Is your startup built on open source? 9 tips for getting started

Is your startup built on open source? 9 tips for getting started

Are open source businesses all that different from normal businesses?

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When I started Gluu in 2009, I had no idea how difficult it would be to start an open source software company. Using the open source development methodology seemed like a good idea, especially for infrastructure software based on protocols defined by open standards. By nature, entrepreneurs are optimistic—we underestimate the difficulty of starting a business. However, Gluu was my fourth business, so I thought I knew what I was in for. But I was in for a surprise!

Every business is unique. One of the challenges of serial entrepreneurship is that a truth that was core to the success of a previous business may be incorrect in your next business. Building a business around open source forced me to change my plan. How to find the right team members, how to price our offering, how to market our product—all of these aspects of starting a business (and more) were impacted by the open source mission and required an adjustment from my previous experience.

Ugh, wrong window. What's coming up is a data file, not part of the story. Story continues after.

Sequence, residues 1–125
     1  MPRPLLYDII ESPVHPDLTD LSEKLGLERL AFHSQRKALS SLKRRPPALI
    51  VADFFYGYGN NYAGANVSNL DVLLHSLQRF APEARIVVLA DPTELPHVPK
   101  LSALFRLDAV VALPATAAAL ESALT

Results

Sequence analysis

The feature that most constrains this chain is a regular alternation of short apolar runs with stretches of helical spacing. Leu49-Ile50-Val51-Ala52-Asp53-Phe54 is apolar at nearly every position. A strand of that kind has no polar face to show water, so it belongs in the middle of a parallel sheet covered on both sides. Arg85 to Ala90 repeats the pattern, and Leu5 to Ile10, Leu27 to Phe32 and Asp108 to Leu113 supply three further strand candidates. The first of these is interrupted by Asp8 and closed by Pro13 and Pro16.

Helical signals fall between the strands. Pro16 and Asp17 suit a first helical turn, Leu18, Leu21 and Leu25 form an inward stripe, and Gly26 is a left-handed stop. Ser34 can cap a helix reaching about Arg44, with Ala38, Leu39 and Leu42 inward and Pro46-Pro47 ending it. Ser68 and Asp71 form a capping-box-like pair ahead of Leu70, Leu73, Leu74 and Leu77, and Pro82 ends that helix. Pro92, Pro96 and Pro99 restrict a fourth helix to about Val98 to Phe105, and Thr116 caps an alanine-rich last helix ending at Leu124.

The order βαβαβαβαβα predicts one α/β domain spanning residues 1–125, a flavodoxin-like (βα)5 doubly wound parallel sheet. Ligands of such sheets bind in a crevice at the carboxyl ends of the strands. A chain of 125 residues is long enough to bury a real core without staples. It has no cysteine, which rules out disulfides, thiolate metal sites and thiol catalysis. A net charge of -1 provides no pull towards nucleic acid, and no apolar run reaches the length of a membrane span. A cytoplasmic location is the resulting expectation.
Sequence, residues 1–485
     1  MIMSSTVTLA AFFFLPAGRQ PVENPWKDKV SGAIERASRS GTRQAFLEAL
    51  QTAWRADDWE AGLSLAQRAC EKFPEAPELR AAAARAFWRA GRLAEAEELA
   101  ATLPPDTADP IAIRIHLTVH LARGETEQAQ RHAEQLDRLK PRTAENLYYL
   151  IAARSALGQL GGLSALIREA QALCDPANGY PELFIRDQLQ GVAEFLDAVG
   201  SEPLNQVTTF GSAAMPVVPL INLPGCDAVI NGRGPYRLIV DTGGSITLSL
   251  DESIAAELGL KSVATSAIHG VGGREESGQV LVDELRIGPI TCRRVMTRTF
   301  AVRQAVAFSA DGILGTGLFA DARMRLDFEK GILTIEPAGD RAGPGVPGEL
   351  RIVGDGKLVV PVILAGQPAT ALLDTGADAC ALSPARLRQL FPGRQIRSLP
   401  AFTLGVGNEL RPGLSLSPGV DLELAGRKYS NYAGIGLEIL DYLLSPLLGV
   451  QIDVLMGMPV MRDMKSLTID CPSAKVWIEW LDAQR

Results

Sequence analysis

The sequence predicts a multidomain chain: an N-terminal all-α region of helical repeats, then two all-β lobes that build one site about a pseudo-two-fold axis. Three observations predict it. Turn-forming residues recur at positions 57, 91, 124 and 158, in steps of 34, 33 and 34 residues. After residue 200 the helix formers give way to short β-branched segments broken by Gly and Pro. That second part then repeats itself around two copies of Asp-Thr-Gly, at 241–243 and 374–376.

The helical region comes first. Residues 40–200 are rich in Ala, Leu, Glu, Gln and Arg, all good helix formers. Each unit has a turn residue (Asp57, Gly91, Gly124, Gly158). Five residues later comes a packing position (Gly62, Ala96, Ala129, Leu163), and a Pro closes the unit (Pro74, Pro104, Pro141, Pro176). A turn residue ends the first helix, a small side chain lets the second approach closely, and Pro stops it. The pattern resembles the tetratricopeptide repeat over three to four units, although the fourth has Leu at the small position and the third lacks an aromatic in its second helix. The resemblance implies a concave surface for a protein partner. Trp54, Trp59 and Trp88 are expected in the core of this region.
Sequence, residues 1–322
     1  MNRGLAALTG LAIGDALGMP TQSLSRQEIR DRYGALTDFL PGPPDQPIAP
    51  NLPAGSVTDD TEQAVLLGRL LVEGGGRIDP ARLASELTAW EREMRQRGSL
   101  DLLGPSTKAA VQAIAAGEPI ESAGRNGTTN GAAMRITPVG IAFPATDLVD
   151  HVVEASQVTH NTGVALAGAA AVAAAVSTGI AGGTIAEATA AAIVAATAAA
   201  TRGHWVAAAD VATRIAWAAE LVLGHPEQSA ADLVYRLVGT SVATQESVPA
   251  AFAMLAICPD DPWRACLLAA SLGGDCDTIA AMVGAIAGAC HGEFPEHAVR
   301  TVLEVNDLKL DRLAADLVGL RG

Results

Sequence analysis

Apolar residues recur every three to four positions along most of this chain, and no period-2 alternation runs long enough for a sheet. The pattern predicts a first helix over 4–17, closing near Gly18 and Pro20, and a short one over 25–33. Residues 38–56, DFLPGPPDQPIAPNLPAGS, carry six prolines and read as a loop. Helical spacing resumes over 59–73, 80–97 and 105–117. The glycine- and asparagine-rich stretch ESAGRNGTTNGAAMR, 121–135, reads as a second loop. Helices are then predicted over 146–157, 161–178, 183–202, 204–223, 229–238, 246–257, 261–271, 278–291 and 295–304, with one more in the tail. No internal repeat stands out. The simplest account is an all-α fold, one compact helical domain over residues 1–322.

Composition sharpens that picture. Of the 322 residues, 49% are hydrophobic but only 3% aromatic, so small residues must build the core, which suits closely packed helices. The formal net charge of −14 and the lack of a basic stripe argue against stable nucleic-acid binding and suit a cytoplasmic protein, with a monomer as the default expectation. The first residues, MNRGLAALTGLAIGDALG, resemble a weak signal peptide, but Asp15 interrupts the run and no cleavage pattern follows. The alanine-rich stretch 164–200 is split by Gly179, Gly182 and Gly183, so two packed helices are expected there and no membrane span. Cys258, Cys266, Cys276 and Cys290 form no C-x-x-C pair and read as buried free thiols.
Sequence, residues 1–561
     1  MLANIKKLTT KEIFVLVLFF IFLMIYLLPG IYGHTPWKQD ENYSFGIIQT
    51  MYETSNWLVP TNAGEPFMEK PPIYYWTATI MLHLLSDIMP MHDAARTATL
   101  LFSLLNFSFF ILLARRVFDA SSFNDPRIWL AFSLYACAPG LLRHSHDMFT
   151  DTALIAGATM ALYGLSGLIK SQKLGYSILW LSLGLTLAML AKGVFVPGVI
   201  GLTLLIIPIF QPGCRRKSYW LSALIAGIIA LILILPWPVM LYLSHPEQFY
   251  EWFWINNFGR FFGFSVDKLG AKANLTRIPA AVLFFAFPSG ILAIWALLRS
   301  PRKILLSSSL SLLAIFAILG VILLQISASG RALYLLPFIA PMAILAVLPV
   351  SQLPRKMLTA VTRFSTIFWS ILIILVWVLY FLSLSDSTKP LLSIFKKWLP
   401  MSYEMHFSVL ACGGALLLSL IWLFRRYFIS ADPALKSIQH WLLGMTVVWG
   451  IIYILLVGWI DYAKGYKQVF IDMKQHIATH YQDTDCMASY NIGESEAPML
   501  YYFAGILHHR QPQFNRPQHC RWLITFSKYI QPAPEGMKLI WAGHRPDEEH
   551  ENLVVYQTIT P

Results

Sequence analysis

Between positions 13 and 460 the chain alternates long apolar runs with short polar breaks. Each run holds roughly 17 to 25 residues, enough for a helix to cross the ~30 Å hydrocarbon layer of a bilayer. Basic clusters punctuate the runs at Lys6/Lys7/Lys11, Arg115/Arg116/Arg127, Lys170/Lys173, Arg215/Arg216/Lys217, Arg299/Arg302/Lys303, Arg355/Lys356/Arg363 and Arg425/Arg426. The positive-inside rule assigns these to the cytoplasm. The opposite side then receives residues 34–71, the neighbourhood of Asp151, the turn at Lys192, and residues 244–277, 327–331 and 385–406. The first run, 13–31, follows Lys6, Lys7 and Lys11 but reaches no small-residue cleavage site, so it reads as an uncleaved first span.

A few years ago, we started to question whether Gluu was pursuing the right business model. The business was growing, but not as fast as we would have liked.

One of the things we did at Gluu was to prepare a "business model canvas," an approach detailed in the book Business Model Generation: A Handbook for Visionaries, Game Changers, and Challengers by Yves Pigneur and Alexander Osterwalder. This is a thought-provoking exercise for any business at any stage. It helped us consider our business more holistically. A business is more than a stream of revenue. You need to think about how you segment the market, how to interact with customers, what are your sales channels, what are your key activities, what is your value proposition, what are your expenses, partnerships, and key resources. We've done this a few times over the years because a business model naturally evolves over time.